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Gary E. Sherman's 'Desktop GIS' provides the basic functions of open source GIS tools in brief yet comprehensive manner.

Book Review: Desktop GIS – Mapping The Planet With Open Source Tools by Gary E. Sherman

Geographic Information Systems (GIS) is fast becoming the de facto tool of choice for mapping and managing spatial information. The beauty of GIS is its ability to store an almost infinite amount of data within specific feature sets or attributes (i.e. county, city, block, river, etc.).

Environmental Systems Research Institute, Inc. (ESRI) is the leading company that develops ArcGIS, which is the dominant suite of applications and software that many government agencies and academic departments use to do their research. ESRI's ArcGIS is cheap, and many dedicated software developments have taken it upon themselves to create open source GIS tools.

Gary E. Sherman's new book Desktop GIS: Mapping The Planet With Open Source Tools attempts to bridge the gap between the mountains of literature on ArcGIS and plains of open source GIS. Sherman tries to strike the balance between introducing novice users to GIS and showing intermediate Arc users open source GIS, but ultimately the end result is a brisk look at how one can use open source tools to analyze geospatial data.

The first couple of chapters provide brief introductions into the open source software (GRASS, Quantum GIS or QGIS, uDig) Sherman will be using in his book.

He also provides a frustratingly small list of reliable and trusted data sources like the Federal Geographic Data Committee's (FGDC) clearinghouse network or Geodata. One of the harder aspects of GIS is simply finding data, to which Sherman glosses over: "There are a lot of sources for data on the Internet, and a bit of judicious searching can lead to good finds" (p. 25). Thankfully he forwards users to the supplemental website that doesn't provide much in extra resources.

The next few chapters deal with basic functions like working with vector layers, shape files and their attribute data, and working with rendering settings to get the map to display how you want it to look. Sherman does a very good job providing easy-to-understand summations of raster data, data formats, map projections, and databases (the latter which can be pretty technical and be better learned in more depth).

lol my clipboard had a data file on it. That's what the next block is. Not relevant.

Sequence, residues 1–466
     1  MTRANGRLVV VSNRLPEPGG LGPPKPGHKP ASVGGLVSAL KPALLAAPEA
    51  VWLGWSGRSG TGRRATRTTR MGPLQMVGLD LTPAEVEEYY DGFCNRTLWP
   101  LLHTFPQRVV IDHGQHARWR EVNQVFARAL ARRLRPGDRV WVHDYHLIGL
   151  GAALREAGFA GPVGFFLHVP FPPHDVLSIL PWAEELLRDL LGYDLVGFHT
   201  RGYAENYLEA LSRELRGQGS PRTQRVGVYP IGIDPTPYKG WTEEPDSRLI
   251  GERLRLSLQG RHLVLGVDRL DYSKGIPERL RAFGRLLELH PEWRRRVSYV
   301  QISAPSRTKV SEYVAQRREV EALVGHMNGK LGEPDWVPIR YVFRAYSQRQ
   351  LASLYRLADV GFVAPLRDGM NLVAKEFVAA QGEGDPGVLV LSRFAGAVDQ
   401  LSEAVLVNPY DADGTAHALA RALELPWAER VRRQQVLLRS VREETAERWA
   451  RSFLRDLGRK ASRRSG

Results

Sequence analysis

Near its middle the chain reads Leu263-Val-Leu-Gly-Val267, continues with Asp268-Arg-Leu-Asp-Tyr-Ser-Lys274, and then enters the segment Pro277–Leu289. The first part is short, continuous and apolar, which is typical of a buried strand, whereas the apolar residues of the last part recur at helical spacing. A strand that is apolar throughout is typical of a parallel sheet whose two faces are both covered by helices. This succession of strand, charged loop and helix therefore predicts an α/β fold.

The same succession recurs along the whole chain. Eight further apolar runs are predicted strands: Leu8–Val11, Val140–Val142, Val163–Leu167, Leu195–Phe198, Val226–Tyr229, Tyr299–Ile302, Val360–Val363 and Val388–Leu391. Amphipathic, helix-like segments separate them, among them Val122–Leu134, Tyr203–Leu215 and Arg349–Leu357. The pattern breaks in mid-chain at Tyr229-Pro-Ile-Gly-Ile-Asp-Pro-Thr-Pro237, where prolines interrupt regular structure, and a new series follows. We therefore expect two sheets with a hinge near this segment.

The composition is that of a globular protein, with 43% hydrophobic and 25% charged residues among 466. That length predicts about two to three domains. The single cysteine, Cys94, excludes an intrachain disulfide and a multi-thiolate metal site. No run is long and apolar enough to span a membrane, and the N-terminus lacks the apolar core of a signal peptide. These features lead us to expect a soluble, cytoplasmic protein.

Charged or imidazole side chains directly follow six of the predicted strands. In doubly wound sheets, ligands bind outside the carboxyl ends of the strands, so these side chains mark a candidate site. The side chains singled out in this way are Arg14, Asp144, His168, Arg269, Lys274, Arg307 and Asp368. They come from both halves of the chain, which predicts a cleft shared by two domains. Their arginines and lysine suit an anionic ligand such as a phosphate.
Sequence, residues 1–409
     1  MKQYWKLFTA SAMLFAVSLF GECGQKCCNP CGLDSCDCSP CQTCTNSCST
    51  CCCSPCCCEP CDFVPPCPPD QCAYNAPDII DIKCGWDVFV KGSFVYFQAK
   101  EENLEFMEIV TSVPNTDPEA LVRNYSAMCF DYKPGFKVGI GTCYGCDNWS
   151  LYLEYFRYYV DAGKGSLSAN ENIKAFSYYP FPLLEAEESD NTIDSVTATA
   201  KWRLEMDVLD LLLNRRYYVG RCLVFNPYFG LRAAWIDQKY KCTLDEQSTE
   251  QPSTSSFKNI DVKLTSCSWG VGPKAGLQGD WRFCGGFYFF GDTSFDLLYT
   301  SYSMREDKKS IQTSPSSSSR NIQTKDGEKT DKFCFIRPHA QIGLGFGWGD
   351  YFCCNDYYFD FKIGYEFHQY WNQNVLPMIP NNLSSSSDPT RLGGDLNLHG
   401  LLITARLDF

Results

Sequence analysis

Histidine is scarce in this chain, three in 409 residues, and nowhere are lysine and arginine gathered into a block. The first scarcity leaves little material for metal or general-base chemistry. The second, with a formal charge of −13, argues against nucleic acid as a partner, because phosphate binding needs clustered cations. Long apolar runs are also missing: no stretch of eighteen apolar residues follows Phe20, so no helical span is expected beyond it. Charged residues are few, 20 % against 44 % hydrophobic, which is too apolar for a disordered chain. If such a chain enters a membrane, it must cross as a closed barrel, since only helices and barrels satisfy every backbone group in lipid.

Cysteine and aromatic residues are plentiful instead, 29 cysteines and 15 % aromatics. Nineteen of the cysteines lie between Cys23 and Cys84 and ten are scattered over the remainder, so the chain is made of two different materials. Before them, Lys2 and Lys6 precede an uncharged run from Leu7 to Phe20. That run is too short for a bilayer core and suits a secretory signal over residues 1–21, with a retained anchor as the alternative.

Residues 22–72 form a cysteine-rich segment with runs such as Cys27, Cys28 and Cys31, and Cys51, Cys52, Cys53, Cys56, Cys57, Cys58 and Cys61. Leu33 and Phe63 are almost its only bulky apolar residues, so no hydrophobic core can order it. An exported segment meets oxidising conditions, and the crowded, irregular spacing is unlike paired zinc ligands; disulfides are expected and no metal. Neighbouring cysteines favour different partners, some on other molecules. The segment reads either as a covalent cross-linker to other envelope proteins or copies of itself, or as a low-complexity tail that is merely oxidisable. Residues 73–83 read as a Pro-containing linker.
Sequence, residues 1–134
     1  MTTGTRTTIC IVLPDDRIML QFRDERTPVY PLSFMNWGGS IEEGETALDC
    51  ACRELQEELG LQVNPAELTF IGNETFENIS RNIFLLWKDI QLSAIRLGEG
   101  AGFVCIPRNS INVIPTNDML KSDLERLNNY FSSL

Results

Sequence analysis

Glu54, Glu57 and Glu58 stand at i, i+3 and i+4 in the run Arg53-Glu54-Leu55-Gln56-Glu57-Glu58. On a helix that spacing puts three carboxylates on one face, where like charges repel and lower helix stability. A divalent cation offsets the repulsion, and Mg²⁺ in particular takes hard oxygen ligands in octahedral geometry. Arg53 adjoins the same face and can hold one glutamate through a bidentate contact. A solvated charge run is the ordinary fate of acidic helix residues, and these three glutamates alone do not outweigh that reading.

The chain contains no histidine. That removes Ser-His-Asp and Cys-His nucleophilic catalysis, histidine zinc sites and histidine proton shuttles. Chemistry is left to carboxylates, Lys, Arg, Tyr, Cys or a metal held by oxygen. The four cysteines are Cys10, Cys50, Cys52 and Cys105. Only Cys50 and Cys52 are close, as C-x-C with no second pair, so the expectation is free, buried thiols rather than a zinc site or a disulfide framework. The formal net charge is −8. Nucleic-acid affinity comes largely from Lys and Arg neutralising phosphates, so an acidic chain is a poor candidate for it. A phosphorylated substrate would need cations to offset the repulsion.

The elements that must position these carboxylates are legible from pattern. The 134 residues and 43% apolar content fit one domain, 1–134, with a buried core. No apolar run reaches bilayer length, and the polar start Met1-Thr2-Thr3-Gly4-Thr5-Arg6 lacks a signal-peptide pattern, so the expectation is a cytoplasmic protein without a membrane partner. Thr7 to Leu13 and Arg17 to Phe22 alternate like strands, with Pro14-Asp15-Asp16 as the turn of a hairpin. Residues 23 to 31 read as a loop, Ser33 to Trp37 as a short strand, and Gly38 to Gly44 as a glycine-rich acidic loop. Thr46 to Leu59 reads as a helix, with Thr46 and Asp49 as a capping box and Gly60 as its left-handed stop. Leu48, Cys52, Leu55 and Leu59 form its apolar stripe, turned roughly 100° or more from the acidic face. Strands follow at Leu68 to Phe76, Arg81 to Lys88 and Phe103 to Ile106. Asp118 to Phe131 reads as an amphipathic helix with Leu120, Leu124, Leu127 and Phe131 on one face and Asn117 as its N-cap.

Desktop GIS is meant to introduce tools for people to use, but the few chapters that actually describe how to use GIS are surprisingly short. Chapter eight ("Creating Data") deals with (as the title states) creating your data through heads-up digitizing or GPS data collection. Chapter 10 ("Geoprocessing") deals with the more meatier data analysis that makes GIS so efficient and useful. Chapter eight is a scant 17 pages while Chapter 10 is only 25. Learning about GIS modules like buffers and overlays is scattered in Chapter 12 ("Getting The Most Out Of QGIS And GRASS Integration").

The latter chapters are even more technical as they pertain to command-line techniques, GDAL/OGR (I still don't know what these are), and creating your own custom applications. Arguably the most useful part of the book is the Appendices, which lays out GIS in straightforward and distinct sections. There is also a section detailing the pros and cons of each GIS software the author uses.

Thankfully, Desktop GIS is in color, which makes the screenshots and images easy to read. Unfortunately, sometimes the pages don't have the best layouts so the images need to be sought after instead of being on the same page they are referred to, as with Figure 3.16 located on page 48 but referred to on page 45. It doesn't happen often but it can be annoying, especially since the book reads as a tutorial.

I would have liked to see in the Appendices is a glossary section. There is so much terminology that it would have been helpful to have a one-stop place to catch up on those unfamiliar words without having to search for it on earlier pages.

Sherman goes through a few analysis projects throughout Desktop GIS, but I would have liked to see him provide a complete tutorial for one project from start to finish. Many of the tools are mentioned sporadically, so showing the reader a more realistic run through a "typical" analysis would have been very helpful. Sherman could also go a step further and provide short video clips on the website.

Desktop GIS provides the basic functions of open source GIS tools in brief yet comprehensive manner. Novice users will benefit from the easy-to-follow text and images, while intermediate users might only look at certain sections to get the ArcGIS equivalents.

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Tan The Man writes mostly about film and music. He has previously covered events like Noise Pop, Outside Lands Music and Arts Festival, South By Southwest, TBD Festival, and Wizard World Comic Con.

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